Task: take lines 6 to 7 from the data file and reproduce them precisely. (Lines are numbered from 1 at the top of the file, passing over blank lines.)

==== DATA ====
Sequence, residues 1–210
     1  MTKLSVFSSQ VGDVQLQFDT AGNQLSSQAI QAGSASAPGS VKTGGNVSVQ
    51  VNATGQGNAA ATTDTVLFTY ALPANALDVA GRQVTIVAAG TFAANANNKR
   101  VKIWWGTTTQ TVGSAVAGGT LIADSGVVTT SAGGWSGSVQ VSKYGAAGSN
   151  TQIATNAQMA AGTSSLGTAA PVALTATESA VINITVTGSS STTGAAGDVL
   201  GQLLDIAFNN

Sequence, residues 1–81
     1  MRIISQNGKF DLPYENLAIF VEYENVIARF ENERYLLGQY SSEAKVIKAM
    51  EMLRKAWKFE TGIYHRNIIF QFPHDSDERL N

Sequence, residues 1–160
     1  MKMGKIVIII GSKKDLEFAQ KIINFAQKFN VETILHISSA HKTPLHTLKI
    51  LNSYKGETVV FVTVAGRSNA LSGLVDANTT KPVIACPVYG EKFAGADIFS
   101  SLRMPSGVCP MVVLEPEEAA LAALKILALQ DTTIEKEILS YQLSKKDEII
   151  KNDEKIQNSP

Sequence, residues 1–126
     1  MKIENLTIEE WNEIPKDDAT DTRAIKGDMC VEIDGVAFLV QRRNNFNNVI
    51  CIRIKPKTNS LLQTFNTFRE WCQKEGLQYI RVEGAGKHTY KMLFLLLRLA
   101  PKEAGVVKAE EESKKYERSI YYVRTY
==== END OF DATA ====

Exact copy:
   201  GQLLDIAFNN

Sequence, residues 1–81